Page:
If you were able to run your existing Palm OS applications in a virtual environment, would that satisfy your needs? I think as we move forward in the mobile space, there comes a time when a clean break must also be made to progress to the next level. Microsoft and Apple have done this in the past with Windows, Pocket PC (remember SH3 and MIPS app), and the Mac OS. With the focus on the cloud in the new Palm Web OS this seems like the perfect time for a clean break from the old Palm OS. Are you prepared to make a break from your Palm OS applications? It is either than or eventually die on the vine, right?

Topics: Mobility, Hardware, Operating Systems, Software

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31 comments
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  • Has anyone seen anybody using a Palm in the last 5 years?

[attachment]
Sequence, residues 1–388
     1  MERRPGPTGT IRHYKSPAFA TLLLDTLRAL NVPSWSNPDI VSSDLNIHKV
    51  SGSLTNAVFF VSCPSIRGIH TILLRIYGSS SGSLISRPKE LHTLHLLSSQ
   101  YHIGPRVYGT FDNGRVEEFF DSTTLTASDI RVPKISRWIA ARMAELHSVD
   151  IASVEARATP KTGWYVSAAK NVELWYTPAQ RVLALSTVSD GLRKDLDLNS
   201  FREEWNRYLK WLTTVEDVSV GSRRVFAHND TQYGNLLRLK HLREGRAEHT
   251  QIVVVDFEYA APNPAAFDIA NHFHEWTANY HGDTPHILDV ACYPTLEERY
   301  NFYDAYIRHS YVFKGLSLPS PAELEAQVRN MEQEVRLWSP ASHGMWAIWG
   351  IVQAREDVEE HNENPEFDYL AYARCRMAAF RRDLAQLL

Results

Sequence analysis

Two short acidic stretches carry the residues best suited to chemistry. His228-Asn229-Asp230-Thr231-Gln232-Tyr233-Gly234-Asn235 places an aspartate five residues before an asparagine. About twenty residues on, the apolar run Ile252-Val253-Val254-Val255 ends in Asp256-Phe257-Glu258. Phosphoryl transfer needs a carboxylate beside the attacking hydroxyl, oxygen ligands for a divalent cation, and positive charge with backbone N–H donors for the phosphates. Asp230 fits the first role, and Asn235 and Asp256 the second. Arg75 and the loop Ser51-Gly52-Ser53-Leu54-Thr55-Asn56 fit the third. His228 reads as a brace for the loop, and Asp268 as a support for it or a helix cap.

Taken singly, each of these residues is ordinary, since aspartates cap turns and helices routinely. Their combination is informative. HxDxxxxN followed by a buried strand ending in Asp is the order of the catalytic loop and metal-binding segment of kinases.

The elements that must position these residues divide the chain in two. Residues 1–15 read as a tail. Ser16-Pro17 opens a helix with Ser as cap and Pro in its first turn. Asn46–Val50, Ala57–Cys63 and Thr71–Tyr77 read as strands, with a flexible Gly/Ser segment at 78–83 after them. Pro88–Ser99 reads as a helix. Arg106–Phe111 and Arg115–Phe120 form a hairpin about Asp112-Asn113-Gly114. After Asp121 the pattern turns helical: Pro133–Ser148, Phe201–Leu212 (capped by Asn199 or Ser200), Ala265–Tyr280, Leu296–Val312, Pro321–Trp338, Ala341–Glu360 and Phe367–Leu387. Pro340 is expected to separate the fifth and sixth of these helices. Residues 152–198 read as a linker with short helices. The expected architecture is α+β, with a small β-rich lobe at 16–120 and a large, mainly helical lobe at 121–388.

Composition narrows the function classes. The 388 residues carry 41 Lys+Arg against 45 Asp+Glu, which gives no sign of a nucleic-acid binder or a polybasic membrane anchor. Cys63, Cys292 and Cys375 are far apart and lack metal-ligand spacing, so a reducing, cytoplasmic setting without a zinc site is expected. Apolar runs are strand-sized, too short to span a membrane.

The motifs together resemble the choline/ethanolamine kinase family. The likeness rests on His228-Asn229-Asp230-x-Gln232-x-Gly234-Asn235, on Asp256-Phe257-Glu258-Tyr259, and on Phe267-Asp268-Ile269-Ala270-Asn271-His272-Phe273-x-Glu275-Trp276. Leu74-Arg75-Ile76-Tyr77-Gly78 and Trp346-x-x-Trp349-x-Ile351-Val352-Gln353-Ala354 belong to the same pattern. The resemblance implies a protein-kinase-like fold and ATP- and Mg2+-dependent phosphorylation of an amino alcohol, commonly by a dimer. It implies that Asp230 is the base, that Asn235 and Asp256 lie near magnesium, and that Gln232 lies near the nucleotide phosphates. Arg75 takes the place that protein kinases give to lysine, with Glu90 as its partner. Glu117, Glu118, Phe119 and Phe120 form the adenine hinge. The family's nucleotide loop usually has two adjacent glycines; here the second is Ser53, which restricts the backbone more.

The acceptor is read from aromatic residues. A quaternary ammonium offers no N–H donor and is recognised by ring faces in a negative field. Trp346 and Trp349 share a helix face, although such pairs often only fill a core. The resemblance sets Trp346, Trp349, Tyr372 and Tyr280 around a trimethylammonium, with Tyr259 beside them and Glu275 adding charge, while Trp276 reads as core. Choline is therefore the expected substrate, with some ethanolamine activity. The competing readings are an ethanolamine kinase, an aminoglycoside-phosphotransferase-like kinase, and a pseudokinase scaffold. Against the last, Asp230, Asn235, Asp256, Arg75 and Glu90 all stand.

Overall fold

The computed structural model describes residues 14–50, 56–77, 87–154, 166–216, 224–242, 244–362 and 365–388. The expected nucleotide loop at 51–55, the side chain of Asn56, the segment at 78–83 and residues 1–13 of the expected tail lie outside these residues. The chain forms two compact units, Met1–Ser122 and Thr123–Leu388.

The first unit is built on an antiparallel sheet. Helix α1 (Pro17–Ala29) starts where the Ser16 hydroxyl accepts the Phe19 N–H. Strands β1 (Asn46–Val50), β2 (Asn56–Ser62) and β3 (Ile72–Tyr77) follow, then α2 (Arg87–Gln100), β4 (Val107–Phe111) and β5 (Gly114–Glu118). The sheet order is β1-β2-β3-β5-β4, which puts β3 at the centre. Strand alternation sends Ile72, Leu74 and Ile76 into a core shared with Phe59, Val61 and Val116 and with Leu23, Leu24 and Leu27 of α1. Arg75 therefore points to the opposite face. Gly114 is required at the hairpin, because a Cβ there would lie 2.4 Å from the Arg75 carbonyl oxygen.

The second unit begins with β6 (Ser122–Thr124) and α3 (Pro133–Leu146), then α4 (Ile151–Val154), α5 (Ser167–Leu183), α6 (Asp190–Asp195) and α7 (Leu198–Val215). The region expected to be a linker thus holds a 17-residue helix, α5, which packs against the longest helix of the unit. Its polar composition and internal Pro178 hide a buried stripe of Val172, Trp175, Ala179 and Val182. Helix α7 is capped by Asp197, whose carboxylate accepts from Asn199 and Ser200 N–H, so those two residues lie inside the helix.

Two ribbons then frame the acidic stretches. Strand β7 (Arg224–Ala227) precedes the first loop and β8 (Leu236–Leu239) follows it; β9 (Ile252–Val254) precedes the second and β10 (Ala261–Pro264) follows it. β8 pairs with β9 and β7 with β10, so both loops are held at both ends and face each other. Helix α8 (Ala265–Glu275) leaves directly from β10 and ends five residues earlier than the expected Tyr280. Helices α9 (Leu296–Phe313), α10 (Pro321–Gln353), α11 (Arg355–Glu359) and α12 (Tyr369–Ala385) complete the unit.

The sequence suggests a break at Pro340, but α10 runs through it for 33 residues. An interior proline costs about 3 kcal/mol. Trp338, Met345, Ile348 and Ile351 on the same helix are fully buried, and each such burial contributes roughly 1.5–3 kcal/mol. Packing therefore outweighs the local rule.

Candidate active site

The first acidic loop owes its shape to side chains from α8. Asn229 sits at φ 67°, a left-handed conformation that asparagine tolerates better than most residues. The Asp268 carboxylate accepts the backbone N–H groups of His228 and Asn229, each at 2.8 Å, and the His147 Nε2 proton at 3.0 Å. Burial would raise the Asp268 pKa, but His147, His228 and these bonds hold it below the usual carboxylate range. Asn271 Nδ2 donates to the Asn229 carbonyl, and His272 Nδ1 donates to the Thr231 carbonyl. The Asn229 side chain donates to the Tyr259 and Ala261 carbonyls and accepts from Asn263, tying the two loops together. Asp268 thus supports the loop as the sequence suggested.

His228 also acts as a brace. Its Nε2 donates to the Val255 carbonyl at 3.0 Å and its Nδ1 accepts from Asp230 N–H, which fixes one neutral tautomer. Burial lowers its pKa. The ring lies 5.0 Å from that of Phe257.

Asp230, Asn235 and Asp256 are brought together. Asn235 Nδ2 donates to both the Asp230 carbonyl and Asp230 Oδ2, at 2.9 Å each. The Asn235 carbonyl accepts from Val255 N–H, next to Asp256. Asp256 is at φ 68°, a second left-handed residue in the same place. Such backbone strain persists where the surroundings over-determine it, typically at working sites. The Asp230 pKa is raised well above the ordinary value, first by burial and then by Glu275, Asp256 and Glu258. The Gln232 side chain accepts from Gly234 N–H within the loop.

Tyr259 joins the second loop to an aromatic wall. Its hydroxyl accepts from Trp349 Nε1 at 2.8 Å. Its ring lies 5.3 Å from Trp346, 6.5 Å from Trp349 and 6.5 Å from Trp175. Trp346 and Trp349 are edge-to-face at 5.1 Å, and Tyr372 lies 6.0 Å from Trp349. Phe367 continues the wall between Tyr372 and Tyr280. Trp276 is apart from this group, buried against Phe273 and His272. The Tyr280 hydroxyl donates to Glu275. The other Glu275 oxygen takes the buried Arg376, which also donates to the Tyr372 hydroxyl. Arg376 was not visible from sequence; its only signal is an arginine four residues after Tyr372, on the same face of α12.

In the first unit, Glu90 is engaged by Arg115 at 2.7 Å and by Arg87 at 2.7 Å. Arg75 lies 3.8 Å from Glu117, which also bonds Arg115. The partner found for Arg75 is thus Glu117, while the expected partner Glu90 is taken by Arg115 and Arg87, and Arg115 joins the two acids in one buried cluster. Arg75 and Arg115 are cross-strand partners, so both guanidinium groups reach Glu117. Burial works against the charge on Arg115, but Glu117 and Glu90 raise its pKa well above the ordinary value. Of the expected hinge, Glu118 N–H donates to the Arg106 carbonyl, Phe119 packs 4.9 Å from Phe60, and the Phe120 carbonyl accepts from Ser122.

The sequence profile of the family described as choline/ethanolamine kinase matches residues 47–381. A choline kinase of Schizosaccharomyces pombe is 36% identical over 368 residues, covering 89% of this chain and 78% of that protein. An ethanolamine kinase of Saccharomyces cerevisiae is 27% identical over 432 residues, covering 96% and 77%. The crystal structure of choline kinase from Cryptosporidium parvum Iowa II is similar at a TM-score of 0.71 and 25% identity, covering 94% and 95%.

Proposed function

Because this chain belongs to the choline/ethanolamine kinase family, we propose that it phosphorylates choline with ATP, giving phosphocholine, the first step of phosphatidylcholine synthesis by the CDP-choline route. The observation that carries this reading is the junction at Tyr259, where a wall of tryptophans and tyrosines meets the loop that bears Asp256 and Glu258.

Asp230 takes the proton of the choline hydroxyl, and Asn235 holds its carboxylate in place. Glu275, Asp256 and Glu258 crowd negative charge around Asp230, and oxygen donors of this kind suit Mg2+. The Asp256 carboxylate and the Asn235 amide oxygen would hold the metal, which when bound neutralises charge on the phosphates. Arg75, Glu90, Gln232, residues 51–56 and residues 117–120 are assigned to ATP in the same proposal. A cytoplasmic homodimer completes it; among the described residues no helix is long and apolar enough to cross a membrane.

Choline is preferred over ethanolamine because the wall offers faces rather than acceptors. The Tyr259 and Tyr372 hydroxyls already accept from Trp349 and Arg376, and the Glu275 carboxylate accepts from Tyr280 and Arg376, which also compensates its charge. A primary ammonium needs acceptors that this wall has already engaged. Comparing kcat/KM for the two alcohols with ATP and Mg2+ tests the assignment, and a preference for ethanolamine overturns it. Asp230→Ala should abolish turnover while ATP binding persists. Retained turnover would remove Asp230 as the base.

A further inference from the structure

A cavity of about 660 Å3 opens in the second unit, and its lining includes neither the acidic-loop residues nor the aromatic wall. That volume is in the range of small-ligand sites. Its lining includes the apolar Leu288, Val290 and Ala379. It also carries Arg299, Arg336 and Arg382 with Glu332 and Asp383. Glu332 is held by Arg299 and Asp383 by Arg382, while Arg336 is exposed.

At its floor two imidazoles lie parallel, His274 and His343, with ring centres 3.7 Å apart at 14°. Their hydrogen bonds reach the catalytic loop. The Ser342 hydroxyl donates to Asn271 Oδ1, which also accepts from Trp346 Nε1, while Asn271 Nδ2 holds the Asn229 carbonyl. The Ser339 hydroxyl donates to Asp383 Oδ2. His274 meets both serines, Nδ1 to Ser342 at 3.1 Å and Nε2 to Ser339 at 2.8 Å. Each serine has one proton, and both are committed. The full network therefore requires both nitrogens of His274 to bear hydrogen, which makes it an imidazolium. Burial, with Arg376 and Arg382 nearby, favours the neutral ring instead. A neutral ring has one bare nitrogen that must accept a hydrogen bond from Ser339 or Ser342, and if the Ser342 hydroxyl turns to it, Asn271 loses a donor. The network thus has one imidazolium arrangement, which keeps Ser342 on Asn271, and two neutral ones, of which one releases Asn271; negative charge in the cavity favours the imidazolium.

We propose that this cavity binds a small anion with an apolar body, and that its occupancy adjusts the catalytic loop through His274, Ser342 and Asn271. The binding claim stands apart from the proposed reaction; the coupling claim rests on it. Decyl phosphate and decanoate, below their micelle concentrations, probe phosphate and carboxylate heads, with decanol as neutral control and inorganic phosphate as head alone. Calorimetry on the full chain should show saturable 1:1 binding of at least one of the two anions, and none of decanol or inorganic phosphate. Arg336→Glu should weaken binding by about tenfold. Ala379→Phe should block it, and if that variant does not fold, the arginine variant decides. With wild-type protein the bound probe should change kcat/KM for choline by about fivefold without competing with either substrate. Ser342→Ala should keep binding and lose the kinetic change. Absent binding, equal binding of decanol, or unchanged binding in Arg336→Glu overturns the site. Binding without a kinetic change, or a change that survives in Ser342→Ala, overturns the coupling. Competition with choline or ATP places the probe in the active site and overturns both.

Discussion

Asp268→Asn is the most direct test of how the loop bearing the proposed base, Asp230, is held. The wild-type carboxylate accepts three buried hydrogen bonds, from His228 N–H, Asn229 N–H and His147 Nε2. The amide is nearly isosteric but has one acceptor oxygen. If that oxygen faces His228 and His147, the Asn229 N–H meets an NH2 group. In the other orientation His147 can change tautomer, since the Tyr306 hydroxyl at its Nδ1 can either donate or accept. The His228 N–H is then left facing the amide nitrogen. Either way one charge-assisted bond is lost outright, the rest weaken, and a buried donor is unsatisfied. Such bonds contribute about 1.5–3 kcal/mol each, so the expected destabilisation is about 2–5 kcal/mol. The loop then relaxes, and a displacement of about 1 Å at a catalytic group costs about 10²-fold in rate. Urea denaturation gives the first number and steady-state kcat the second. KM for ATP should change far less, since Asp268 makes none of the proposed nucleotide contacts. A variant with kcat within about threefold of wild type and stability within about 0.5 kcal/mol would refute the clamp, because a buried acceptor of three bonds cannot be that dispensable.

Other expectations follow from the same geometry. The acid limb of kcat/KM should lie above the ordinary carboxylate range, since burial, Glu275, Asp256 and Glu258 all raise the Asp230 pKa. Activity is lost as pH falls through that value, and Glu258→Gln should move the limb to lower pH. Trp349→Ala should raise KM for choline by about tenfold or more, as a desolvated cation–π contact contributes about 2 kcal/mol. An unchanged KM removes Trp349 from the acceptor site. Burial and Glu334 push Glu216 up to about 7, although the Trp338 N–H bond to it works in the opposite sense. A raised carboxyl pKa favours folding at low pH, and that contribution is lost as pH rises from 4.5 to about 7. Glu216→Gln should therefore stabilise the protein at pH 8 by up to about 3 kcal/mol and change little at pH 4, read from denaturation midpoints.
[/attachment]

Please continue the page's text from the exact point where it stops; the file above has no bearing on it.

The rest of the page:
I sure haven't. In fact I don't think I've seen one since cell phones became so pervasive. Which leads to, how many people even care about Palm OS 5 apps?
    GoPower
    • All the time!!!

      Most of my fellow residents and many attending physicians use the Palm TX or the older but wiser Tungsten T5. Every Day, Many Times Each Day! Not sure how we would get by without it. Some of us use a Treo and only carry one device, but I am in the minority.

      The plethora of OS5 apps for healthcare is astounding. Most of them free. The same is true in aviation. I would really hate to lose all of these. Most would run in a virtual machine quite well. Some of them simple things like medical calculators, acronym dictionaries, and care templates. Some more complex like med books, PDRs, and drug interaction checkers. I would be waiting years for all of this to get ported. Most probably would not be.

      The promise of WebOS running OS5 apps is truly the Holy Grail for many of us.

      Rick
      rickpalen
    • Absolutely, yes.

      My buddy still uses his Treo as his primary
      PDA/phone, and I still use my IIIxe and my